By Judy L. Klein, PA, CPHRM, FASHRM
No legal or medical advice intended. This content includes general guidelines. Such materials are for informational purposes only and may not reflect the most current legal or medical developments. These informational materials are not intended, and must not be taken, as legal or medical advice on any particular set of facts or circumstances.
As the spread of COVID-19 continues, so does exploration into the use of wearable technologies and applications to help detect and track signs and symptoms of the virus and promote public health. As a direct response to the pandemic, Google’s Verily “is developing a small, body-worn temperature patch that transmits data to a phone application to provide timely notification of fever and support earlier diagnosis and treatment of a viral infection like the flu or coronavirus.”1 Wearable technology is also expected to play a role in telemedicine after the pandemic as it allows practitioners to closely monitor a patient’s health outside of the office as a means to augment traditional medical care.
Wearables are electronic devices worn on the body that have the ability to track patient data such as heart rate, blood pressure, body temperature, blood oxygen saturation, and blood glucose levels. Many can also track activity level, like counting the number of steps walked.
A 2018 Deloitte survey of U.S. healthcare consumers showed that the number of individuals tracking their health data via wearables had more than doubled since 2013. Moreover, 60% of respondents were willing to share wearable-generated protected health information with their physician to improve their health.2 The medical wearable marketplace is expected to expand from $6 billion in 2017 to $14.1 billion by 2022.3 According to Pew Research, wearable and embedded health tracking devices will be ubiquitous by 2025.4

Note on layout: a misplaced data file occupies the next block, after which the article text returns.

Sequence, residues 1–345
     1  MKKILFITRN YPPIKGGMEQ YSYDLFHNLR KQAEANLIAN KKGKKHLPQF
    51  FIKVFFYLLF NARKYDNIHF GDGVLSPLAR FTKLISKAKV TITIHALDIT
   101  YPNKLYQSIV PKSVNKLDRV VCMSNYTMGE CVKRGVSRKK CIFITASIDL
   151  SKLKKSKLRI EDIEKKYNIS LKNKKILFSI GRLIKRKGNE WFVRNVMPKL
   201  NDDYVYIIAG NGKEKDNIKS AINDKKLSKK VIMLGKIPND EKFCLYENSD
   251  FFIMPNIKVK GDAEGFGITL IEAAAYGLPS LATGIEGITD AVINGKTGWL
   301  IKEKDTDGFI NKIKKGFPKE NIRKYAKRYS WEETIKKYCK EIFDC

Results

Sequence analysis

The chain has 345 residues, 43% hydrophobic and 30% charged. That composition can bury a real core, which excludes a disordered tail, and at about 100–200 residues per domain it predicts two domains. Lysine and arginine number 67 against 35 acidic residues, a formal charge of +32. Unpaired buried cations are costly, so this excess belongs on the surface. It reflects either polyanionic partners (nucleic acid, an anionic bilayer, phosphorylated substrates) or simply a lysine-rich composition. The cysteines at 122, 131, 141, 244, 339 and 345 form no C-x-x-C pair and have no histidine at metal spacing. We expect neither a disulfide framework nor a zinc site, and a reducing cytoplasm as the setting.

The reported benefits to patients include supporting healthy behaviors, improving outcomes, identifying potential health problems early, decreasing hospital admissions, and reducing healthcare costs. The capacity for improved health can be a compelling reason for clinicians to access health data on a patient’s device. As an example, step count data could help indicate whether a patient’s antidepressant medication is working, according to Joseph C. Kvedar, MD, vice president of Connected Health at Boston-based Partners HealthCare. “The more you walk, the more evidence you’re not depressed,” he says. “So by tracking activity level, you can look in and see how well they’re responding to their medicine.”5
To date there have been no reported lawsuits involving wearables, but many experts predict it’s only a matter of time before losses emerge. Consider the following areas of potential liability when using remote monitoring devices:
Type of Wearable. It is important to distinguish medical-grade devices, which are approved by the Food and Drug Administration (FDA), from consumer-grade wearables. Medical-grade wearables are subject to FDA approval if their purpose is to help with diagnosis or treatment. On the other hand, consumer-grade wearables are used primarily as a motivational tool for patients. As a general rule, because medical-grade devices undergo rigorous testing, they are likely to be more accurate and reliable than consumer-grade devices.
It is also important to consider whether the patient initiates the tracking or the physician prescribes it.5 If the devices are used as part of care management, having a mechanism to route the data directly to a patient’s electronic medical record with an alert for the care team to review is advisable.
Interoperability with Electronic Medical Record. Receiving, analyzing, and following up on wearable data can be a daunting task for practices. If your organization is not prepared to interact with this technology, it can lead to claims for failure to monitor, failure to detect, or missed diagnosis. Secure and reliable transmission of data using vendor platforms that integrate data transmission and alert systems into workflows and the patient’s medical record is key.